HGTV stars align to save Pancake Day in Laurel

Vicki Hermansen | Nov 30, 2021

Every service club wishes it had hometown fans like the Kiwanis Club of Laurel does. The Mississippi club recently received a shout-out from neighbor Erin Napier, who with her husband Ben is featured in the HGTV show “Home Town,” set in Laurel.  

Napier encouraged her Instagram followers to help the Kiwanis Club of Laurel staff its annual pancake breakfast, set for Saturday, December 4. A victim of the pandemic last year, this year’s feast was in danger of being reduced to one location instead of the traditional two, due to lack of volunteers.  

Laurel Erin Napier

Billy Taylor, immediate past president of the Kiwanis Club of Laurel, said the post was successful and Laurel residents rallied to the challenge.  

“We had originally decided to have just one location this year, but due to the efforts of our Laurel TV stars, Ben and Erin Napier of the HGTV Home Town show in enlisting volunteers to help us, we will have pancake day at both locations as in years past,” Taylor said.  

Like a lot of civic clubs, the Kiwanis Club of Laurel has experienced a lack of involvement in the community and the pandemic did not help, noted Albert Brown, club president-elect. “We’re hoping to reach out this year and maybe pick up some new members from our community.”  

Laurel MS pancake dayTaylor said about 40 people volunteered to help staff the location at the YWCO — a longtime location for Pancake Day. In 2019, that spot served 1,700 people; the main location at First Baptist Church served 2,200 people that year.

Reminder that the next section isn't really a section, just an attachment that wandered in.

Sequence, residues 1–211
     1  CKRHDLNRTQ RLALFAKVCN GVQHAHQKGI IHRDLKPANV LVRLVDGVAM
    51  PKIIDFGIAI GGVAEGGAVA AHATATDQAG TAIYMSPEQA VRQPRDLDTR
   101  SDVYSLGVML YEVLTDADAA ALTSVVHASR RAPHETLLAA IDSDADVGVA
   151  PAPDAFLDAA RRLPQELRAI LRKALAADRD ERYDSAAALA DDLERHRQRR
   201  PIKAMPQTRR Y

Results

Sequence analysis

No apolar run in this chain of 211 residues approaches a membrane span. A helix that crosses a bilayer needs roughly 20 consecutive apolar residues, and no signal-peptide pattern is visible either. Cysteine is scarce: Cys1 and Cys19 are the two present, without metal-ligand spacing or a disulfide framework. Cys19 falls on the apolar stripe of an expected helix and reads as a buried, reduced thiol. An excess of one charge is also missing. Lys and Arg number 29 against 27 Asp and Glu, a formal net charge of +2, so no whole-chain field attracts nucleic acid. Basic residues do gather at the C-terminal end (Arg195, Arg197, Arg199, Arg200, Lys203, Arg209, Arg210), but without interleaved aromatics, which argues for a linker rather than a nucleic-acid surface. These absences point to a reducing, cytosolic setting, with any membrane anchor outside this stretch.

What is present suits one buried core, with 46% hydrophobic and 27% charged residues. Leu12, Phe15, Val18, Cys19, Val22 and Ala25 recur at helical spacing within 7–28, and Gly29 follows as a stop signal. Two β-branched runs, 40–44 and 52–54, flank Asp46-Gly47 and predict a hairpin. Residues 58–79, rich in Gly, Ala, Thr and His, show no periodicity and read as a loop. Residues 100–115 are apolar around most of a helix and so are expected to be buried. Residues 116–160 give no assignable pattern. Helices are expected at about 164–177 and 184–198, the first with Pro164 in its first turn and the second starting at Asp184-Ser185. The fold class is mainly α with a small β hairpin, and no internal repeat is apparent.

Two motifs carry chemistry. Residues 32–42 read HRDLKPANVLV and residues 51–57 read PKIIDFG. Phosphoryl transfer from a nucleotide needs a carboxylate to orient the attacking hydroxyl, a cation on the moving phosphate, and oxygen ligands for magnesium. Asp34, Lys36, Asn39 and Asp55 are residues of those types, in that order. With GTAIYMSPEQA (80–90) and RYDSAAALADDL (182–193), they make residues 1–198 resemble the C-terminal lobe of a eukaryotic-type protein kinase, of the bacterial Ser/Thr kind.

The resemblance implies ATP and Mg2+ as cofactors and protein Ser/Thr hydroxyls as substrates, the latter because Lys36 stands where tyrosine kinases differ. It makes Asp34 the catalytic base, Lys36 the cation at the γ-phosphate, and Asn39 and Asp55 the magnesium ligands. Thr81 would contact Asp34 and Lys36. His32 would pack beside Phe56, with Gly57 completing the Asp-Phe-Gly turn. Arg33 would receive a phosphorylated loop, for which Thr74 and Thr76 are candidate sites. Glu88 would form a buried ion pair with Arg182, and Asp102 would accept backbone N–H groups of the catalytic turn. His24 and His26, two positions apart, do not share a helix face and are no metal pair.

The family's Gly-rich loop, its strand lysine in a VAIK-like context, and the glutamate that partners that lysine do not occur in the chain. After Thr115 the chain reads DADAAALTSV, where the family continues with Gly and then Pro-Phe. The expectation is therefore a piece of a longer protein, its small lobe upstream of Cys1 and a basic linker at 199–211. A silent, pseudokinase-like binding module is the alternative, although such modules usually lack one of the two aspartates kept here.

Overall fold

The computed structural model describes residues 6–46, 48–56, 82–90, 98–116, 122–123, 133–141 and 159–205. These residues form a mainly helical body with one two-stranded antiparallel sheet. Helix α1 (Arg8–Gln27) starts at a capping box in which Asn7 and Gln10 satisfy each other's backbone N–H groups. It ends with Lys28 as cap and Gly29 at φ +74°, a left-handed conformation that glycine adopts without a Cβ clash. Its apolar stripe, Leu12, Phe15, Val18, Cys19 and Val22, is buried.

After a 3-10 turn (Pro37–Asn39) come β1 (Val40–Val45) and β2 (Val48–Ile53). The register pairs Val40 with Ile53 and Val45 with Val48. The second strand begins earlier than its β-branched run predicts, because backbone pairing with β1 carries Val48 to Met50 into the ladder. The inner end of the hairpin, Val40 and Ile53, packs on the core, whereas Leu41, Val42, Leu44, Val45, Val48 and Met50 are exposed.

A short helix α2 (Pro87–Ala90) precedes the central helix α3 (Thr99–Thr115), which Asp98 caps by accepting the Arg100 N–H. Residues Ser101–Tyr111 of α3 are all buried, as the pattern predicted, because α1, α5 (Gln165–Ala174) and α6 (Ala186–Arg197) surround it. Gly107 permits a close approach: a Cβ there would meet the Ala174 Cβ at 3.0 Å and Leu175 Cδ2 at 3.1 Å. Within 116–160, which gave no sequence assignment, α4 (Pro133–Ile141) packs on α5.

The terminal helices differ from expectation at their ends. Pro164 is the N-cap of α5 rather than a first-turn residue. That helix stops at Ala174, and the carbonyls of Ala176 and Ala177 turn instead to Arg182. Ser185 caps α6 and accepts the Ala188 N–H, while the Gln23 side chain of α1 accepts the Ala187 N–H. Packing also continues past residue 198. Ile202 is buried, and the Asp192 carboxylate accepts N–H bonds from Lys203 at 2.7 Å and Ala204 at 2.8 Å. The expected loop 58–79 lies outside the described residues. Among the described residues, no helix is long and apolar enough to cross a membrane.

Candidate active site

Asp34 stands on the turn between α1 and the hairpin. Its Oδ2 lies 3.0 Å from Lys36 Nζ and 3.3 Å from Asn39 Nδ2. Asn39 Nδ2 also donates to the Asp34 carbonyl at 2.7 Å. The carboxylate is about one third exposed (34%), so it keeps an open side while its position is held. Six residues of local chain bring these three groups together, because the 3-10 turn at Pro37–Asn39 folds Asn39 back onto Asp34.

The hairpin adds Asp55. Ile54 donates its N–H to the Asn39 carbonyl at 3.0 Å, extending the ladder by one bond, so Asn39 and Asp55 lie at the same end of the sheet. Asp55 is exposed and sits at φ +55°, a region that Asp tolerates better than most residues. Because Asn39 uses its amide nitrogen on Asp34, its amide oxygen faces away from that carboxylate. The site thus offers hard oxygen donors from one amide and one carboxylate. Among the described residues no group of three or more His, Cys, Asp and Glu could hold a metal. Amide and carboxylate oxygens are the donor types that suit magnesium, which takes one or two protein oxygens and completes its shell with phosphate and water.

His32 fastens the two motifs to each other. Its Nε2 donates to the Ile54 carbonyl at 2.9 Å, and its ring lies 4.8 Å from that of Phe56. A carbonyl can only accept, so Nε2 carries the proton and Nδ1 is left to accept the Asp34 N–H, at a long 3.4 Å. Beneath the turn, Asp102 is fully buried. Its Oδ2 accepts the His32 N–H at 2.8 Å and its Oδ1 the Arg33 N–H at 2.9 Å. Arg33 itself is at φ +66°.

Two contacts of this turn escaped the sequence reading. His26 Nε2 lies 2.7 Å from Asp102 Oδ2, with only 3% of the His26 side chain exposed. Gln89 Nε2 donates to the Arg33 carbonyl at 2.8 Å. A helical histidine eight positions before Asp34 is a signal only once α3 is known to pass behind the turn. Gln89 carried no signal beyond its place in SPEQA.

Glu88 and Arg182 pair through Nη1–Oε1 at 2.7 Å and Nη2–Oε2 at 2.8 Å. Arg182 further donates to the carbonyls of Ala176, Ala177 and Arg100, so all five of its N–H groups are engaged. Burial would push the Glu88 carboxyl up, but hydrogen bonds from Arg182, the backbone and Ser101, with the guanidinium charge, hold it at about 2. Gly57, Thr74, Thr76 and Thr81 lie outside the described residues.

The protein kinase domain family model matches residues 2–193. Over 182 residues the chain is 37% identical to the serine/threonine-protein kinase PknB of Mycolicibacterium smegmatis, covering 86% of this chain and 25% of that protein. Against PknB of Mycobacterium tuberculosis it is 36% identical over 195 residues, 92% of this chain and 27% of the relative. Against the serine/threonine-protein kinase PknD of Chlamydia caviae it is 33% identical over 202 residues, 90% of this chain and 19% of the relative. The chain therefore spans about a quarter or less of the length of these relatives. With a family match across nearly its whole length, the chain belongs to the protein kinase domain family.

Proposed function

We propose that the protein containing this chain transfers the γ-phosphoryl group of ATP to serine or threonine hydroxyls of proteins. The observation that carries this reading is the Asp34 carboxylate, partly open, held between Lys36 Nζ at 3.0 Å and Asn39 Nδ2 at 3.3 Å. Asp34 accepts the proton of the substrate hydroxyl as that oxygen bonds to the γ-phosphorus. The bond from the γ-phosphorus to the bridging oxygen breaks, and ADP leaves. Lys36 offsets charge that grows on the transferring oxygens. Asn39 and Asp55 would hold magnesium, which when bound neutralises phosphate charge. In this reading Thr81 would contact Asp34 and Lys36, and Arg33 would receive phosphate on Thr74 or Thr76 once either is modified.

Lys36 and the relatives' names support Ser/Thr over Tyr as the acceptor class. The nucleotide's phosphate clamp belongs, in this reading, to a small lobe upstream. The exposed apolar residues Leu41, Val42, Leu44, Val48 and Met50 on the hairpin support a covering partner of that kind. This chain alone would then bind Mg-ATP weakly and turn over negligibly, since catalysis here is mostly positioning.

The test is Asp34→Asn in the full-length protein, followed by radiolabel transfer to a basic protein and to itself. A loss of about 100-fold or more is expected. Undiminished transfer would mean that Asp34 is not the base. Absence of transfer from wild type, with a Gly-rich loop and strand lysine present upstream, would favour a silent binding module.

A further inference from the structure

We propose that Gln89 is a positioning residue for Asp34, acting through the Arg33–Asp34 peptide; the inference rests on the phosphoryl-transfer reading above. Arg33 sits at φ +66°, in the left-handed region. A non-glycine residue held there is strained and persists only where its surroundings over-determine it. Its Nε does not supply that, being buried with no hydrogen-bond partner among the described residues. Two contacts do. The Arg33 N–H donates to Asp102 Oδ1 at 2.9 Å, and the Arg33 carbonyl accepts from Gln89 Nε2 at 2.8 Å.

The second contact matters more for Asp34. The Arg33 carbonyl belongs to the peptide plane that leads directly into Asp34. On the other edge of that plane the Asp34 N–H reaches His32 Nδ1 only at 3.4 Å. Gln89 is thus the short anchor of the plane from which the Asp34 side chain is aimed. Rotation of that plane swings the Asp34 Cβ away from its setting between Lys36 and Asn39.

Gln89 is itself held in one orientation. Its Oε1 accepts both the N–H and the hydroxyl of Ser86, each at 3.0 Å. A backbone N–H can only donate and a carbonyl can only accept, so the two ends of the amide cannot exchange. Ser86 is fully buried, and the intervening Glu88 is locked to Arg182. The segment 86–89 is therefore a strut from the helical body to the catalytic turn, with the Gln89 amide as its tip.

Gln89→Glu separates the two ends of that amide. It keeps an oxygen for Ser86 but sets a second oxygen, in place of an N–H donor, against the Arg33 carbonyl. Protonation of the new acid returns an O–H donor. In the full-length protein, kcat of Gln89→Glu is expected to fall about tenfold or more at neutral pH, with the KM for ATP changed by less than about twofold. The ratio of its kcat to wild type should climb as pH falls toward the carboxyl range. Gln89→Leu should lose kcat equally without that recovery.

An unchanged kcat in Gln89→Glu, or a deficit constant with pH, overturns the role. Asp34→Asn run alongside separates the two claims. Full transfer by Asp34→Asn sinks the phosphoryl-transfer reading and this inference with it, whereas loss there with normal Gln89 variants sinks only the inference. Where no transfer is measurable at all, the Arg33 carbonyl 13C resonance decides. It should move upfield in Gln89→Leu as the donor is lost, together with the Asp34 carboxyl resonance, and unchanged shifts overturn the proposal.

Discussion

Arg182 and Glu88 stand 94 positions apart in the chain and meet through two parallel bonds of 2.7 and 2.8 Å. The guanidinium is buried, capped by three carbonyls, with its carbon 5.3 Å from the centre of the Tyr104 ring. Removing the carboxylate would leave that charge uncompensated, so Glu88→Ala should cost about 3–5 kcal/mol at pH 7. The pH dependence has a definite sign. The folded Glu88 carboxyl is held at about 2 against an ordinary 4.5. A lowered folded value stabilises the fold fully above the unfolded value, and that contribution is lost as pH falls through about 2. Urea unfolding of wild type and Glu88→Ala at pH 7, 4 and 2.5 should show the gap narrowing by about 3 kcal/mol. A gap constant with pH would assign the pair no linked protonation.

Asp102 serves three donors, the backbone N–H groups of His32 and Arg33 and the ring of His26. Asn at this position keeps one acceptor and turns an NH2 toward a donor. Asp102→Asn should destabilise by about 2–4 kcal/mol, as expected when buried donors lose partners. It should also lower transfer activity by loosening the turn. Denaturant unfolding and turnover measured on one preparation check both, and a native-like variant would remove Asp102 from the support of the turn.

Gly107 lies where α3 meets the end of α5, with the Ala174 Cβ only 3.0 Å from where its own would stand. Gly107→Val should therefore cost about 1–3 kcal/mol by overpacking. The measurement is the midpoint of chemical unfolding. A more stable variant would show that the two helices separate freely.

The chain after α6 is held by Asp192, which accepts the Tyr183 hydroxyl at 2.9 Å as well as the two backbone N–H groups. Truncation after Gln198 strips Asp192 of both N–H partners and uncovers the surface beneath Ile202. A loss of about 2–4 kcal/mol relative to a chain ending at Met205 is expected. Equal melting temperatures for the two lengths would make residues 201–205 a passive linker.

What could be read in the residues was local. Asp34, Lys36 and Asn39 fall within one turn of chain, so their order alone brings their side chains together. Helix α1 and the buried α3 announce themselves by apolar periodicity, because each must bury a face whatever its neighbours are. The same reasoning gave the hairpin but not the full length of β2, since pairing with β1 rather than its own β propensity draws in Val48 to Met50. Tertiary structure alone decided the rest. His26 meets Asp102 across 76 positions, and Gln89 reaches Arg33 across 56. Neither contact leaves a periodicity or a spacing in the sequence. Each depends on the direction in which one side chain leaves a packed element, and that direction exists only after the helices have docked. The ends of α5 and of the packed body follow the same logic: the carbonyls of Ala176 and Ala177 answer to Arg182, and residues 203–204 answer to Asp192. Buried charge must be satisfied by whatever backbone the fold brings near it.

“That’s a lot of pancakes,” Taylor said. In 2019, the club’s main fundraiser brought in more than US$23,000, which was used for scholarships for high school students and math flashcards for third graders in Laurel. The club also uses the proceeds to fulfill its pledge to the Eliminate Project.  

“Due to lower membership numbers from Covid and the fact that our sponsored Key Clubs are just getting back into action after Covid, it was going to be tough to staff two locations,” Taylor said.

The club has 49 members and has been in service since 1921. Pancake Day began in the 1950s  

Scott Cooley, club vice president, said, “We think with having Ben and Erin willing and able to support us, and with their status in the community and nationwide, having their support means we’ll have a successful Pancake Day.”

Rhonda Gilbert, club secretary, is hopeful that the new crop of volunteers will see the value the club brings to the community and think about becoming members.  

“We had so many circumstances working against us,” Gilbert said of this year’s event. For example, the local Sertoma club sponsors a Christmas parade and the time was changed from afternoon to evening. Pancakes are served in the morning, and members worried that people wouldn’t come downtown just for pancakes.  

“Plus, we didn’t know how people would feel about crowds,” she noted. “The big difference is that we are going to be able to do it without any questions.”

While Cooley notes the help of social media for sharing events like Pancake Day, he thinks it’s the one-on-one contact that draws members to events and the club.  

“It’s very important to get out and still have that one-on-one contact with your friends and neighbors,” he said.


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